Bahrain strikes biggest oilfield since 1932, dwarfing current reserves
The shale oil and natural gas discovered in a deposit off the island state’s west coast is understood to dwarf Bahrain’s current reserves
Bahrain has discovered its biggest oilfield in more than 80 years.
The “highly significant” oil and deep gas resource is thought to dwarf the Gulf kingdom’s current reserves, according to an official announcement on Sunday.
It is located in the Khaleej al-Bahrain basin, located off the country’s west coast.
“Initial analysis demonstrates the find is at substantial levels, capable of supporting the long-term extraction of tight oil [light crude] and deep gas,” said Bahrain’s minister of oil, Shaikh Mohammed bin Khalifa al-Khalifa.
The reserves were discovered during the last three months of 2017 after Bahrain intensified its search for new fossil fuel deposits.
Crown Prince Salman bin Hamad tweeted that a press conference on Wednesday would “provide additional details on the discovery, including initial findings of size and extraction viability”.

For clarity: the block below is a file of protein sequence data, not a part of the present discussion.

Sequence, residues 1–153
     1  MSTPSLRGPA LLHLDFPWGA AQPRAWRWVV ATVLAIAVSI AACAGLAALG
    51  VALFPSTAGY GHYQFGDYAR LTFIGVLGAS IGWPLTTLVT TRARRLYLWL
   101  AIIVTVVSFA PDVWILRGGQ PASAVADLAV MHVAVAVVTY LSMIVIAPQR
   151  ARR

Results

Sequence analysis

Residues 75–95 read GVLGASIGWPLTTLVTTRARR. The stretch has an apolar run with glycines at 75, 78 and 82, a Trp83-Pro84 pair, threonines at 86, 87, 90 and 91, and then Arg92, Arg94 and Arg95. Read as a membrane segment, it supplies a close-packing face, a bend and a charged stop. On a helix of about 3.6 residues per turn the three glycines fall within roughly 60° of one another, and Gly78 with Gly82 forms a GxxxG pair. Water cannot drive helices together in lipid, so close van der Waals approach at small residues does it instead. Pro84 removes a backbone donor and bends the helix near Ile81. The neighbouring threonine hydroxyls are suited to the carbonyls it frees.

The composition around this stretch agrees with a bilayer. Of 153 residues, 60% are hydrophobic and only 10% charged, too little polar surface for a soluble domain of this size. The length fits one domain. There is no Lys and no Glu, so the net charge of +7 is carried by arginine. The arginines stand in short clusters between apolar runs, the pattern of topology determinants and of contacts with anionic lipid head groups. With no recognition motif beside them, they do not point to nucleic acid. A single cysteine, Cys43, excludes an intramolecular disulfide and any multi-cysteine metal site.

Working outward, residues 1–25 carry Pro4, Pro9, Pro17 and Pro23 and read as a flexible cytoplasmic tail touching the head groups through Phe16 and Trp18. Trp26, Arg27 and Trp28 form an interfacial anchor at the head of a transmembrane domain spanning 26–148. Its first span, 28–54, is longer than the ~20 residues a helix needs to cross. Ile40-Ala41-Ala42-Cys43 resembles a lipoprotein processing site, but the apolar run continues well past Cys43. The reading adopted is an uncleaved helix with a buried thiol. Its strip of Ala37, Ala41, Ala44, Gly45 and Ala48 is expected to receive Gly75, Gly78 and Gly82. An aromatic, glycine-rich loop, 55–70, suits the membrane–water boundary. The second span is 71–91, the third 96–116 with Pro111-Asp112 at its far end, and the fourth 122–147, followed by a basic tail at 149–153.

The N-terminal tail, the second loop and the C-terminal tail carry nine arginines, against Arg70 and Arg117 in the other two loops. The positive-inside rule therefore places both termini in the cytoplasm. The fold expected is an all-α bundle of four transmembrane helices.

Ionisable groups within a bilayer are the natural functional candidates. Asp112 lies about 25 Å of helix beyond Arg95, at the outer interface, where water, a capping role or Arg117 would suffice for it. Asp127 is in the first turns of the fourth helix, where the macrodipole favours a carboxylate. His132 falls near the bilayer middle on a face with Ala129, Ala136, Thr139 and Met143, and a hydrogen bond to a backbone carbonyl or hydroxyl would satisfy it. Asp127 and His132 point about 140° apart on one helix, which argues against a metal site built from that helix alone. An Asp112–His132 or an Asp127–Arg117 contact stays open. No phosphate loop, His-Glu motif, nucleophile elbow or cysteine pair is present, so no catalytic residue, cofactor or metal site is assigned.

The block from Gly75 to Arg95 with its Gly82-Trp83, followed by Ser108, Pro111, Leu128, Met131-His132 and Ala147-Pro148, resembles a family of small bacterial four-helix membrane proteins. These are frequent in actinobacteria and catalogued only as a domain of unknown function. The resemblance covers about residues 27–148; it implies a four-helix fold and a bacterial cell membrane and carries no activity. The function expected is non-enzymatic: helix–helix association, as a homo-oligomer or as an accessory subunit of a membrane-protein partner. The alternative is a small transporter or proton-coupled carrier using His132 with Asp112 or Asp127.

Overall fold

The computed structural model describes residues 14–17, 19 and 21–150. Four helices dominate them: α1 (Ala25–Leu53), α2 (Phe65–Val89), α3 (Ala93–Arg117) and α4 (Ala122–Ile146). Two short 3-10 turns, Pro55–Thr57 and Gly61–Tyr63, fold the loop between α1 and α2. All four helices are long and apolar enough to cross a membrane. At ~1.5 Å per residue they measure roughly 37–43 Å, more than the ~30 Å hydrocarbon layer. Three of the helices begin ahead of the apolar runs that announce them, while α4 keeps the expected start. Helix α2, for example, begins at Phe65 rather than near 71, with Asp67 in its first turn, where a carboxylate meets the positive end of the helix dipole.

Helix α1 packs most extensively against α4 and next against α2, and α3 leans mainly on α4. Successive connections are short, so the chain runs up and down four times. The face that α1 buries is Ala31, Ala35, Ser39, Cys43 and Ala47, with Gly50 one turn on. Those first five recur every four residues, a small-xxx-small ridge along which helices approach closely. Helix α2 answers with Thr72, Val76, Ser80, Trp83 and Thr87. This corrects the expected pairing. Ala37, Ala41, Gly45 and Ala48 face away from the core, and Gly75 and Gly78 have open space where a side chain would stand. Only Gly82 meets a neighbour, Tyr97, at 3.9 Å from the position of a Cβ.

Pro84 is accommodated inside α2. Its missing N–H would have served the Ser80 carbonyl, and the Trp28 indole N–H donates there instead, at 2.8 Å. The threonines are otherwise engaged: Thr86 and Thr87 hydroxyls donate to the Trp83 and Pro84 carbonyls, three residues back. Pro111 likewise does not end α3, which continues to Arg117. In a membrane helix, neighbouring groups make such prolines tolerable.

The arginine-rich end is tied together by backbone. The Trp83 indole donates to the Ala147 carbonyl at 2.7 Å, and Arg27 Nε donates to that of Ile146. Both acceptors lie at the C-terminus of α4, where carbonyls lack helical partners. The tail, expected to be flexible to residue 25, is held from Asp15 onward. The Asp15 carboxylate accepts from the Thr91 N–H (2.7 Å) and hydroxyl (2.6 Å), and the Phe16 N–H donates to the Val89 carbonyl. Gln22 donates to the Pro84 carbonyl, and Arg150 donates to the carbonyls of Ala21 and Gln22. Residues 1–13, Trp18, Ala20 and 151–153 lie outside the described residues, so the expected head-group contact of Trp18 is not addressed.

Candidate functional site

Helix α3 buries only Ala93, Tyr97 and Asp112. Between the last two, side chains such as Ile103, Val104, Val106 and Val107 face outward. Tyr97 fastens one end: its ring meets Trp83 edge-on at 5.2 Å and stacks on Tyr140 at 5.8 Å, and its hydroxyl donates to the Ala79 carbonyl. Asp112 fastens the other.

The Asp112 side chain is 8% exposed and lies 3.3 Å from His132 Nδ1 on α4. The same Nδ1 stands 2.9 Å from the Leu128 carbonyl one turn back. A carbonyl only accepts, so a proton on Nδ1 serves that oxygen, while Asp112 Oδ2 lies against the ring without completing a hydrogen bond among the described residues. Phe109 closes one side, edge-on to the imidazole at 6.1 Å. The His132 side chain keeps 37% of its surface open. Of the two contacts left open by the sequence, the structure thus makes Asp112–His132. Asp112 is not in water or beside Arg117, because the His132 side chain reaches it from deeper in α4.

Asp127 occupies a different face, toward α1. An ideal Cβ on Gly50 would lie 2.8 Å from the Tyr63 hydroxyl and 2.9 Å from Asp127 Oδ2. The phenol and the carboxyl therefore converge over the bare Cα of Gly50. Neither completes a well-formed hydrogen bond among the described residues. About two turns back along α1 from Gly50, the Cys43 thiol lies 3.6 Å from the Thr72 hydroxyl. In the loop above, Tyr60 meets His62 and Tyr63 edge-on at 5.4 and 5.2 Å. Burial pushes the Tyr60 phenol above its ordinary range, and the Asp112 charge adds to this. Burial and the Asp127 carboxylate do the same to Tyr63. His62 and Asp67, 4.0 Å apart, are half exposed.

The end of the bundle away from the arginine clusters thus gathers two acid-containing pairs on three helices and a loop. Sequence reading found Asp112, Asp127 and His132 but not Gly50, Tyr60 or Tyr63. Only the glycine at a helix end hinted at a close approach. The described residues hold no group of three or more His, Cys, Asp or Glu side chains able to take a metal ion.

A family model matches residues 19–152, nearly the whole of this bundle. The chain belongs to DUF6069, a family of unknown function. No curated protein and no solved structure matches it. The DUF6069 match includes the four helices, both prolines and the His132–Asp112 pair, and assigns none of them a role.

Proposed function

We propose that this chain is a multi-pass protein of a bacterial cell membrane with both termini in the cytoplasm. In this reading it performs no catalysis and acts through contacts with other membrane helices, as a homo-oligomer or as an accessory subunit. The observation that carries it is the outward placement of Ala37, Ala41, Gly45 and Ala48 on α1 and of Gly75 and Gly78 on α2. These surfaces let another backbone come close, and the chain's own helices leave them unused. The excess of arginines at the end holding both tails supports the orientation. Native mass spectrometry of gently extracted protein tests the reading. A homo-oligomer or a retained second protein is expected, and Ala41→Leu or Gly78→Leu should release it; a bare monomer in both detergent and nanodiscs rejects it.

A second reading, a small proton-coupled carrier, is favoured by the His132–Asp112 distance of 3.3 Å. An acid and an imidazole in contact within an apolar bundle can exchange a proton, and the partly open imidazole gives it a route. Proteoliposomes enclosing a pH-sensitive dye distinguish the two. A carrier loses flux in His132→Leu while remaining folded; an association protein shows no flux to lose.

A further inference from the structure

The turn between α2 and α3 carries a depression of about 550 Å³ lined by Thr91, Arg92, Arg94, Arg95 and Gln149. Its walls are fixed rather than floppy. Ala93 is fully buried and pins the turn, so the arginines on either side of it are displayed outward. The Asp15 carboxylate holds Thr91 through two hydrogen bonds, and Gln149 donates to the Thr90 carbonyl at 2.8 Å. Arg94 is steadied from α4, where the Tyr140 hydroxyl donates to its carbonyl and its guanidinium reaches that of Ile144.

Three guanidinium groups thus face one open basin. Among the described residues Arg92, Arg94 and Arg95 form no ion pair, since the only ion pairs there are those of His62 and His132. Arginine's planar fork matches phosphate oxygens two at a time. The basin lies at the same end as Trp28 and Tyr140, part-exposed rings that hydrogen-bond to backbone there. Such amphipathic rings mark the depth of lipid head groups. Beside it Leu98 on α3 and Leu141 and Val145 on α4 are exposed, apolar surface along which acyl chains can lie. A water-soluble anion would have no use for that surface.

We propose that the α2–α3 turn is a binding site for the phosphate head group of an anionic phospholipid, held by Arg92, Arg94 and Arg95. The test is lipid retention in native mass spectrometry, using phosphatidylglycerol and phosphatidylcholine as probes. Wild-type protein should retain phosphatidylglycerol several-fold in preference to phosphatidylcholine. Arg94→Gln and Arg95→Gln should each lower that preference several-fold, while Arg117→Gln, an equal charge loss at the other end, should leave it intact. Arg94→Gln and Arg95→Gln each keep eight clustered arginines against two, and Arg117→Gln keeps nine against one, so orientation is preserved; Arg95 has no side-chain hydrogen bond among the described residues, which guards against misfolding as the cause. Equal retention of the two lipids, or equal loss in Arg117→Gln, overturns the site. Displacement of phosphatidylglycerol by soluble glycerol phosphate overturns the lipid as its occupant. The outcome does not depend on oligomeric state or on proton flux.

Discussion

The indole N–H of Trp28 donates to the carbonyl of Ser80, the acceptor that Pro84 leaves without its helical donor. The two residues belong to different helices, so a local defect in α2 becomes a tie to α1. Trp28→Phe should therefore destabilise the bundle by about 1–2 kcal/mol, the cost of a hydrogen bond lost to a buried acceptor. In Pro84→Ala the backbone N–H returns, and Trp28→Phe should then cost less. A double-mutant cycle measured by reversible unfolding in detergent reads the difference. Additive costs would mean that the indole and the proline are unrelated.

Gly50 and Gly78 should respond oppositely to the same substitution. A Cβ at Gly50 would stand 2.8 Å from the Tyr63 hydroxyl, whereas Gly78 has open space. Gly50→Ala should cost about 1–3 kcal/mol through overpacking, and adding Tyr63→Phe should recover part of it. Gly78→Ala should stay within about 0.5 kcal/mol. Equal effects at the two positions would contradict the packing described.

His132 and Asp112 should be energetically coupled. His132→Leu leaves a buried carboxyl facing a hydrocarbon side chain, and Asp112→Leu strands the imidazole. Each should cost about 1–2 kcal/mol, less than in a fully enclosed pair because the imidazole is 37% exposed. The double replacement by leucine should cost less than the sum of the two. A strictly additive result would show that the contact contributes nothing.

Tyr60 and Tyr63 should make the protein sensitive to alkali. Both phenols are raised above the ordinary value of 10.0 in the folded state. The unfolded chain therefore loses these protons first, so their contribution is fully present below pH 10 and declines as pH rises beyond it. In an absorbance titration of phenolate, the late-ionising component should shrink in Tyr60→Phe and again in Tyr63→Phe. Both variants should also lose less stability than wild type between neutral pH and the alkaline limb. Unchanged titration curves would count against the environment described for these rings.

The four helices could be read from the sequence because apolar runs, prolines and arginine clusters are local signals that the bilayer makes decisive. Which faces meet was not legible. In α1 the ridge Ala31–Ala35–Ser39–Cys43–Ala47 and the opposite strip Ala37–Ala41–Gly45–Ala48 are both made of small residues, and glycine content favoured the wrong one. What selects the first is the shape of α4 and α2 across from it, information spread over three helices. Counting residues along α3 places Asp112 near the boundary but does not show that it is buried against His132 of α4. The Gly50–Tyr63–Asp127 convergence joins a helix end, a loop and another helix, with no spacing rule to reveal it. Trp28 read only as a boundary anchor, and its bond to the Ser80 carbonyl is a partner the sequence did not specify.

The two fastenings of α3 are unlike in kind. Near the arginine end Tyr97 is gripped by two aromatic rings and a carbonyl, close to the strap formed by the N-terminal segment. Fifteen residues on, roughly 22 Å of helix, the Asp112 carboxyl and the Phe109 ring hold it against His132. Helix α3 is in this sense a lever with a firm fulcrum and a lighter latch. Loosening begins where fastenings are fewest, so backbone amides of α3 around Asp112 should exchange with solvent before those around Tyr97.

Bahrain is currently a minnow in the oil sector, ranked 57 on the list of biggest producers by the US Energy Information Administration.
It pumps about 45,000 barrels of oil a day from its Bahrain Field, according to Bloomberg data.
In comparison, Saudi Arabia is aiming to keep its production levels below 10 million barrels a day in April.
Industry consultants DeGolyer and MacNaughton (Demac) have worked with Bahrain officials to evaluate the deposits at the Khaleej al-Bahrain basin.
“Demac evaluated the reservoir and test data, evaluated volumetric and recovery potential, and provided reports documenting both prospective and contingent resources. This is a project which breaks new ground for the industry,” a spokesperson said.
Additional reporting by Agence France-Presse and Bloomberg